Brianne Dressen / District of Utah
© Brianne DressenDressen said she โ€œwalked into the clinic fine, and walked out the beginning of a nightmare.โ€
A Utah mother who says she was "permanently disabled" after taking part in the US clinical trial of AstraZeneca's COVID-19 vaccine is suing the drug manufacturer because it failed to cough up enough cash to cover her medical expenses.

Brianne Dressen, 42, was "the picture of good health" when she started the British-made vaccine's clinical trial in 2020 โ€” but ended up developing a severe neurological condition, the lawsuit filed Monday alleges.

"I walked into the clinic fine, and walked out the beginning of a nightmare I wouldn't wish on my worst enemy," Dressen said, per the court papers.

The former teacher developed side effects just hours after being injected with the vaccine, including arm tingles, blurred vision, a headache, ringing ears and vomiting, according to the court filing.

Some of the symptoms worsened and spread to her legs before she discovered she had developed paresthesia โ€” a neurological condition in which nerves are irritated, the suit charges.

After being hospitalized a handful of times, Dressen said, she was diagnosed with "post-vaccine neuropathy" by National Institutes of Health neurologists in 2021.

The mom of two has accused AstraZeneca of breaching its contract by failing to provide adequate compensation to cover the costs of the medical bills associated with her side effects, which she says have "skyrocketed" in the years since taking the vaccine.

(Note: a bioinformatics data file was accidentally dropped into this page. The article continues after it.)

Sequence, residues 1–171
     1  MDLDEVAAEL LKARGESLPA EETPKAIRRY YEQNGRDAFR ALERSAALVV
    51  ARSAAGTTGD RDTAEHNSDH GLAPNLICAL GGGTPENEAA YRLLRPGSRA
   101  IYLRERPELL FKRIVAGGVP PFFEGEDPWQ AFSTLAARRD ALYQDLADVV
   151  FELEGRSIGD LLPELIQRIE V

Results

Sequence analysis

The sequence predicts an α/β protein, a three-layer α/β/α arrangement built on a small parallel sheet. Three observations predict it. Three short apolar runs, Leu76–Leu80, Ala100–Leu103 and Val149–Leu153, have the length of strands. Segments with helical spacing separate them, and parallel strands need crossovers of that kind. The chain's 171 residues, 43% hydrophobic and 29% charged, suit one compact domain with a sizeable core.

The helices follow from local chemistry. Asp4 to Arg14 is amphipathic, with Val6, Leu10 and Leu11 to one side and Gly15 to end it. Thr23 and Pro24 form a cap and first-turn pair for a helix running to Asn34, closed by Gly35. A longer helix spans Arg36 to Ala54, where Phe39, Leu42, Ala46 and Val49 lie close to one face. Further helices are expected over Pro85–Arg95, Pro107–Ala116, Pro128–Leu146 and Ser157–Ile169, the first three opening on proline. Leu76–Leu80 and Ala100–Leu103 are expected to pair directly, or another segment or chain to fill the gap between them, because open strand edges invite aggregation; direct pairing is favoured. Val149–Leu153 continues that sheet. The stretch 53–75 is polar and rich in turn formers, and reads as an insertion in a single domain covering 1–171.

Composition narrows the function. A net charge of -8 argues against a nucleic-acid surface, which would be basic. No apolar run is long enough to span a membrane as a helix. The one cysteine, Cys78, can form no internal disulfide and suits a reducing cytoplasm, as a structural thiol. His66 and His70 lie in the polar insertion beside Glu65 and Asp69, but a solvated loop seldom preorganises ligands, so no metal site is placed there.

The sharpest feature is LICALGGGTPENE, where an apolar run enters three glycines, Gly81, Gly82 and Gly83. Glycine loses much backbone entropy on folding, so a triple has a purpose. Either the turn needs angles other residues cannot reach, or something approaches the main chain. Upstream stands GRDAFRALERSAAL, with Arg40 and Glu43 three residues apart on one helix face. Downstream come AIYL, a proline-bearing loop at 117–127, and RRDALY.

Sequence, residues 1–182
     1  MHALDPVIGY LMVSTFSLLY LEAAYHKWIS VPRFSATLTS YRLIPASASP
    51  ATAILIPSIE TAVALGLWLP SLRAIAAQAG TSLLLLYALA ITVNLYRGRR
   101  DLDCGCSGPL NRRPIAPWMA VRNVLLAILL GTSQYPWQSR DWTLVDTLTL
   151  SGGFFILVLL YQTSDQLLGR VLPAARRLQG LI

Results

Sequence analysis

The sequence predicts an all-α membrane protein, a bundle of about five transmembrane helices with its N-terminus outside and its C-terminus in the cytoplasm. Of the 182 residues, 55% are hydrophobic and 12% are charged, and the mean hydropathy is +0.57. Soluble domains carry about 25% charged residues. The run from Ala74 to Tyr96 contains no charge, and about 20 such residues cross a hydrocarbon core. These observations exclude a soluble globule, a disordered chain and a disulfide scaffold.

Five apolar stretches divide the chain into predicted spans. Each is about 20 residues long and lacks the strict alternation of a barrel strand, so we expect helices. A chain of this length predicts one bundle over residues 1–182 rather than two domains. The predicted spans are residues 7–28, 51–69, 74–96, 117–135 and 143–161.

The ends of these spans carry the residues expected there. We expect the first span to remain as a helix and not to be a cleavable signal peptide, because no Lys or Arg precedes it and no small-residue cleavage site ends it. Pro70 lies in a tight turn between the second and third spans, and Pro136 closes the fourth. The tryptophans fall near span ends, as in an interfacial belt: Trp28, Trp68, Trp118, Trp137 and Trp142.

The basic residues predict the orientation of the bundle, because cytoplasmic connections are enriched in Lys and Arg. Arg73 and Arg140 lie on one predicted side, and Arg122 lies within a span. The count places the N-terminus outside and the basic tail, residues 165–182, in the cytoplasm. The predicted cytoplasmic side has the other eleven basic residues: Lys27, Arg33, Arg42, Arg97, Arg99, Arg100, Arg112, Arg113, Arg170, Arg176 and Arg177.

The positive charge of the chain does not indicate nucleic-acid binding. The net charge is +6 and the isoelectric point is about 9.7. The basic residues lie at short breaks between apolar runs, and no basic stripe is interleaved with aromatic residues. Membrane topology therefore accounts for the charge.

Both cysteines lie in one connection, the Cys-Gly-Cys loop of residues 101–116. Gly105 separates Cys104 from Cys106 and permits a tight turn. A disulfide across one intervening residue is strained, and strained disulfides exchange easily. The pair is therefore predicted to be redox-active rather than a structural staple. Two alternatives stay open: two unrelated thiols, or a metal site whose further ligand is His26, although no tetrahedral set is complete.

Brianne Dressen / Facebook
© Brianne Dressen / Facebook
Brianne Dressen / Facebook
© Brianne Dressen / Facebook
She claims she had signed a consent form with the manufacturer at the beginning of the trial that said AstraZeneca would "pay the costs of medical treatment for research injuries, provided that the costs are reasonable, and you did not cause the injury yourself," the suit says.

Dressen, however, said AstraZeneca only offered her a one-time payment of $1,243.30.

That is a "minuscule fraction of the medical bills and lost wages, among other financial costs, that Bri had incurred and will continue to incur," the suit says.

Brianne Dressen / District of Utah
© Brianne Dressen / District of Utah
While some of her symptoms have improved, Dressen alleges she is "still disabled" and has become a shadow of herself, is unable to work or parent the way she once did.

"I did everything they asked of me. I honored my obligations to them. They have not honored any," Dressen said.

"When they needed me, I was there, I cooperated. When I needed them, they were nowhere to be found."

AstraZeneca vaccine
© AP
More than 50 people have already filed a class-action lawsuit against the drug manufacturer in the UK, alleging they were left with ailments from the vaccine.

An AstraZeneca spokesperson declined to comment on Dressen's pending litigation.

"From the body of evidence in clinical trials and real-world data, the AstraZeneca-Oxford vaccine has continuously been shown to have an acceptable safety profile and regulators around the world consistently state that the benefits of vaccination outweigh the risks of extremely rare potential side effects," a spokesperson told Bloomberg Law in a statement.

The AstraZeneca vaccine, which never ended up being approved for use in the US, is credited with saving as many as 6 million lives globally during the pandemic, according to the University of Oxford, which partnered with the company to develop the jab.